Updated Jan. 8, 2020 2:59 PMScene of a plane crash in the parking lot of a post office in Lafayette, Louisiana. Image via Louisiana State Police
Investigators have said it will take about a year for the cause of the crash to be determined. But the preliminary report detailed the last minute of the flight, as well as eyewitness accounts. The National Transportation Safety Board (NTSB) issued a preliminary report Tuesday on the plane accident in Lafayette, Louisiana, that killed five people and injured four others when it crashed in foggy conditions shortly after takeoff on Dec. 28, 2019.
While the weather was not singled out as a key element of the crash in the report, “Weather is a factor in that spatial disorientation can happen quickly if the pilot is not fully concentrating on his instruments without overly fixating on one instrument,” said AccuWeather’s Geoff Knauth, a pilot with more than 41 years of flying experience.
The privately-owned Piper PA 31T aircraft took off from Lafayette Regional Airport, Louisiana, and crashed just moments after takeoff. The twin-engine plane had a pilot and five passengers on board; five of the six people died, while one person was hospitalized with burns on 75 percent of his body. One woman on the ground was seriously injured when the plane struck her vehicle and two postal workers suffered minor injuries from flying glass near the crash site.
Investigators have said it will take about a year for the cause of the crash to be determined. But the preliminary report detailed the last minute of the flight, as well as eyewitness accounts.
The visibility at the time of takeoff at the airport was three-quarters of a mile. Instrument Meteorological Conditions (IMC) were in effect, according to the report. The air temperature was in the upper 60s F, and winds were at roughly 7 mph at the time.
A witness told Lafayette-based KATC.com that weather may have been a factor. “He was crashing, he was going down,” said area resident Terry Lavergne. “I think he got inverted in the fog and couldn’t see. Once he came out of the fog, he wasn’t high at all. I think he tried to throttle up and by the time he throttled up, he was facing the ground. He hit hard.”
“Multiple witnesses observed the airplane appear out of the low cloud bank in a steep, left-bank turn,” the report notes. “One witness stated that the airplane rolled wings level just before it struck the trees and transmission lines” and crashed into the road and continued into the USPS parking lot.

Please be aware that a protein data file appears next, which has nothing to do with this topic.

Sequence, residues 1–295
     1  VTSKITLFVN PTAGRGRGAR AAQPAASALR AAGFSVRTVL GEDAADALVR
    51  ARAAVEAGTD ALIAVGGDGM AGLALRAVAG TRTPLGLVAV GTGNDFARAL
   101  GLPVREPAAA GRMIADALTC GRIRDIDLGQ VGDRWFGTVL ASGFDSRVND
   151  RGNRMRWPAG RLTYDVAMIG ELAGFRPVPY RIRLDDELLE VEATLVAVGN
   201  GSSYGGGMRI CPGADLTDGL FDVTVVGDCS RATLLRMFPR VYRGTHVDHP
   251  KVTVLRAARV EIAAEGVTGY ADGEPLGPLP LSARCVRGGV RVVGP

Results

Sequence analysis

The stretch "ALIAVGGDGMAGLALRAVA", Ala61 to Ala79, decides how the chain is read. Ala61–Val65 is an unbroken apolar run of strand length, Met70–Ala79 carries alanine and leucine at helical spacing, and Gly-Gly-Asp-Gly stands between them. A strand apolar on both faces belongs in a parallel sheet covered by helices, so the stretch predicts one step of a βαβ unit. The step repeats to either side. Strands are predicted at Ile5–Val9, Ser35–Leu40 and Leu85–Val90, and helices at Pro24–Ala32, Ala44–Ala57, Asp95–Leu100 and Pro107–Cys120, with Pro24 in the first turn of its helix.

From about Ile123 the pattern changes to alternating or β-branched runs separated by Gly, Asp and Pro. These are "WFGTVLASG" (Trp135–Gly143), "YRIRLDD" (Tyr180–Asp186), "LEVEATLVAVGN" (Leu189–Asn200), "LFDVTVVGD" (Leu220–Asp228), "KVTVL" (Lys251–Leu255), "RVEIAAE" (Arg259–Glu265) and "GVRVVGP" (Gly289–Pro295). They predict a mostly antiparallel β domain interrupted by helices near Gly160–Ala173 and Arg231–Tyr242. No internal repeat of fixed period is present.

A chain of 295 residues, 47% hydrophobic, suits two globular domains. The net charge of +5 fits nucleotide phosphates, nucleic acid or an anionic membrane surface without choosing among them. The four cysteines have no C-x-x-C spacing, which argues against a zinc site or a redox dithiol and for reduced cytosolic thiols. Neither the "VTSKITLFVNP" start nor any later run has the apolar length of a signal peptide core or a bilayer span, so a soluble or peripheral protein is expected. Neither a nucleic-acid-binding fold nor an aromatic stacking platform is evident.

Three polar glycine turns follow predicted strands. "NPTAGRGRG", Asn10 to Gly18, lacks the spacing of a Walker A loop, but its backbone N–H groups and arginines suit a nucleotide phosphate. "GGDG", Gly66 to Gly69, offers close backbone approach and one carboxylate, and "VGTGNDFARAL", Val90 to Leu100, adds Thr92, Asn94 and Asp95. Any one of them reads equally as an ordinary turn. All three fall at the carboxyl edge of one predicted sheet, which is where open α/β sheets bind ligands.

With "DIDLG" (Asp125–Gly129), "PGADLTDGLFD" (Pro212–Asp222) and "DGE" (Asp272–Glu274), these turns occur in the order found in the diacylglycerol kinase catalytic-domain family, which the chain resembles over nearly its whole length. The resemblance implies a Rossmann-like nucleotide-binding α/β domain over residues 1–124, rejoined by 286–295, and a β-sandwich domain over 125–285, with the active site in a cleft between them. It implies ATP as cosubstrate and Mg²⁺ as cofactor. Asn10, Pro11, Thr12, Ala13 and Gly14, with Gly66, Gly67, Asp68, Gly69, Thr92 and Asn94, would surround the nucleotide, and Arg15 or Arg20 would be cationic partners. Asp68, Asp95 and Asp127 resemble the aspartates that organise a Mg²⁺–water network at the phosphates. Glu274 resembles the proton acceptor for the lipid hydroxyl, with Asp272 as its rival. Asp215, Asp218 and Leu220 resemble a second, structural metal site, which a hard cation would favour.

AccuWeather’s Knauth noted the visibility in his review of the NTSB’s report. “Two-hundred-feet vertical visibility is pretty low,” he said. “Especially in a plane that fast, you enter the clouds in no time at all – within five seconds after liftoff. You’d better be concentrating on your instruments right away.”
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Knauth did not pinpoint blame for the crash in his review of the report. “I want to know if both engines were operating normally,” he said. “If one engine failed in IMC, especially low cloud cover, and if the plane was climbing at a very high rate perhaps because the forward speed was too low, the pilot would have had his hands full.
“If the left engine failed and the right engine was still at full power, that would explain why the right turn to 240 degrees was gradual and the eventual left roll happened, especially if airspeed was near or below Vyse [the airspeed for optimal climb on one engine] or especially Vmc [minimum controllable airspeed].
“If you have an emergency in IMC, you might end up fixating, say, on engine instrument indications; meanwhile, all hell would break loose in terms of general situational awareness…” Knauth said. “That’s why I’m very interested to learn if there was some kind of in-flight emergency shortly after takeoff and shortly after entering the clouds.”
The report notes that “as the airplane descended through 700 feet [mean sea level], a low altitude alert was issued by the air traffic controller to the pilot; the pilot did not respond. No mayday or emergency transmission was recorded from the accident airplane.”
There were 393 U.S. civil aviation deaths in 2018, an increase from 347 in 2017, according to the NTSB. Most aviation deaths in 2018 took place during general aviation operations – all civilian flying except scheduled passenger airline service – when 381 were killed, compared to 331 in 2017.
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